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December 16, 2011
5 Min Read
My Mistake: 10 CIOs Share Do-Over Worthy Moments
Slideshow: My Mistake: 10 CIOs Share Do-Over Worthy Moments (click image for larger view and for slideshow)
To keep deployment and administrative costs down and simplify future upgrades, most organizations try to avoid customizing enterprise software deployments. That's what Montclair State University (MSU) was hoping to do when it chose Oracle in 2009 for a $20 million PeopleSoft ERP implementation.
The project ultimately failed, and in an amended lawsuit filed Tuesday, the university alleged that Oracle knowingly overstated off-the-shelf capabilities and understated customization and resource requirements in order to win the bid.
MSU, New Jersey's second-largest public university, with more than 18,000 students, contracted with Oracle in 2009 for $4.3 million in software and a $15.75 million fixed-fee implementation. The project was aimed at replacing a 25-year-old administrative system and giving students, faculty, and administrators better access to information and self-service capabilities through a Web portal.
After a series of missed deadlines and disputes during the summer of 2010, the project came to a screeching halt in November 2010 when MSU says Oracle walked away from the project when the university refused to pay more than the agreed-upon implementation fee.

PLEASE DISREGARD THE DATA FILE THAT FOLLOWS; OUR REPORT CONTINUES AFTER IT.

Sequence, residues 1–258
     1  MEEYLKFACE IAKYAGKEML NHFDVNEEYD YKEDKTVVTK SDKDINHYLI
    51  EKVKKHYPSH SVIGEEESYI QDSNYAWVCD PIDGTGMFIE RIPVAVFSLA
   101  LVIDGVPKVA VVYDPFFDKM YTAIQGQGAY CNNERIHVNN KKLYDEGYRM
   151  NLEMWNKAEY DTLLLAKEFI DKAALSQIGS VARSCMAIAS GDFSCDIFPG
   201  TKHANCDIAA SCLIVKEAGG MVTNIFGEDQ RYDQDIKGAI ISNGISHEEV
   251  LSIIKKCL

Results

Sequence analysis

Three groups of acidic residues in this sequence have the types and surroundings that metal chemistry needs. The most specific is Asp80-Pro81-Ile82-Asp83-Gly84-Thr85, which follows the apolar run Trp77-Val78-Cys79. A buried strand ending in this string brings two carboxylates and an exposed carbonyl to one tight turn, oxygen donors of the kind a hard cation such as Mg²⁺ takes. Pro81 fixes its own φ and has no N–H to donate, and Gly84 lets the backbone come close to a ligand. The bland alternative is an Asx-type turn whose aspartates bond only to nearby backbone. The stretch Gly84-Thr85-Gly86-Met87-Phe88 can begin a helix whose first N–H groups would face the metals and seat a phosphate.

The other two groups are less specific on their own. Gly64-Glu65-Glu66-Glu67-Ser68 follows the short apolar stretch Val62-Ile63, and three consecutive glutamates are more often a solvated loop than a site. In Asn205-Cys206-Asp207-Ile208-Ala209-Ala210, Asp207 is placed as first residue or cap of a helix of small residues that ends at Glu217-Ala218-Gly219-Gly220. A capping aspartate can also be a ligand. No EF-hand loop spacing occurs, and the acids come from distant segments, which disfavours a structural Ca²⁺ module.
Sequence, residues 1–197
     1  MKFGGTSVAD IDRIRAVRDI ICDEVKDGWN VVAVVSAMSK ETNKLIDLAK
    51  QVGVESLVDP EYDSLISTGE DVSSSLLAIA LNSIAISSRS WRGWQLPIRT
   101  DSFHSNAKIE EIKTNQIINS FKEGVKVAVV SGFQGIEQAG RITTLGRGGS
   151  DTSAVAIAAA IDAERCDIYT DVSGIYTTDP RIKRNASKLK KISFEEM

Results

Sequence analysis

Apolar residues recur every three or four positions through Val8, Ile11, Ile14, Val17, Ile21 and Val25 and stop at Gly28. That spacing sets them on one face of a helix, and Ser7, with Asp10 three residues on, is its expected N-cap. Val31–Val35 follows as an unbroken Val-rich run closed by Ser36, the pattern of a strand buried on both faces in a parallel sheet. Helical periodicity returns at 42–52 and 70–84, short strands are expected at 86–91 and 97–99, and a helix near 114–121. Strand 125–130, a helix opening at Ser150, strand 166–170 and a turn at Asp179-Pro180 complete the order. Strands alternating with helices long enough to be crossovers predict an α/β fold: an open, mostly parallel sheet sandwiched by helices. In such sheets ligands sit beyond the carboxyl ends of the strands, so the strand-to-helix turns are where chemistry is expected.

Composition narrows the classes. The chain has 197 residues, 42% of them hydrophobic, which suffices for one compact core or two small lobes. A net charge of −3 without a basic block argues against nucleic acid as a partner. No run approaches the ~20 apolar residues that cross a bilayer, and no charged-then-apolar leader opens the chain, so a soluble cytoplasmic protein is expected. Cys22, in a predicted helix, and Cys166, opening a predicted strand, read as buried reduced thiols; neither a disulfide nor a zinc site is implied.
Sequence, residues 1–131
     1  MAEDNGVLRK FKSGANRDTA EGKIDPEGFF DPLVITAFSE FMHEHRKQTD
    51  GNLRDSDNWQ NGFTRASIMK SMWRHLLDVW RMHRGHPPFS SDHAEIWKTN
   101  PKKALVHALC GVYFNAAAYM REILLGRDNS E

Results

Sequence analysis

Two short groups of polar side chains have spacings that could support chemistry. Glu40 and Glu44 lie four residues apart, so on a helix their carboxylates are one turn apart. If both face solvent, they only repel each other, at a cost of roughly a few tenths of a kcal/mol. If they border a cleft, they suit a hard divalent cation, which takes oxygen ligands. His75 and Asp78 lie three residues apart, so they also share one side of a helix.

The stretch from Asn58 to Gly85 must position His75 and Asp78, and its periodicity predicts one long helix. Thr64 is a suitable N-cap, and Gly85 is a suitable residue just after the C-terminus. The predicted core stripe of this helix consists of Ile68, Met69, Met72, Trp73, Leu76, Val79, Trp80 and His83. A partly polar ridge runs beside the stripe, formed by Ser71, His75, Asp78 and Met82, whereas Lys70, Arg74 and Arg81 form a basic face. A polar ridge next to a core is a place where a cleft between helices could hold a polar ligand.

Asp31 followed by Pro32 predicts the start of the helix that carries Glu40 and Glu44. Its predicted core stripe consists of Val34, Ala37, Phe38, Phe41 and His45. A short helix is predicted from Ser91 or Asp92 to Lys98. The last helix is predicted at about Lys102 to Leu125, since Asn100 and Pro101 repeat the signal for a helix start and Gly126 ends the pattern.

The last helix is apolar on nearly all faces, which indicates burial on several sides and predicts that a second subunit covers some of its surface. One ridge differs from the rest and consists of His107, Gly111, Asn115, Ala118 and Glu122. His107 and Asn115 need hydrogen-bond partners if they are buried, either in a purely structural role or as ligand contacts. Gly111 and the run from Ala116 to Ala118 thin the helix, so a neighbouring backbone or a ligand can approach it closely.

[ Why are enterprise applications lawsuits a lose-lose proposition? Read No One Wins An ERP Lawsuit. ]
MSU first filed suit against Oracle in April, accusing it of breach of contract, gross negligence, willful misconduct, and fraud. In the 60-page amended suit filed this week in the U.S. District Court for the District of New Jersey, the university detailed "intentionally false statements" by Oracle, including an assertion that "95% of the University's more than 3,200 business requirements were satisfied by its base [PeopleSoft] system." MSU later found that the software "did not contain all of the critical functionality which Oracle had represented it would contain."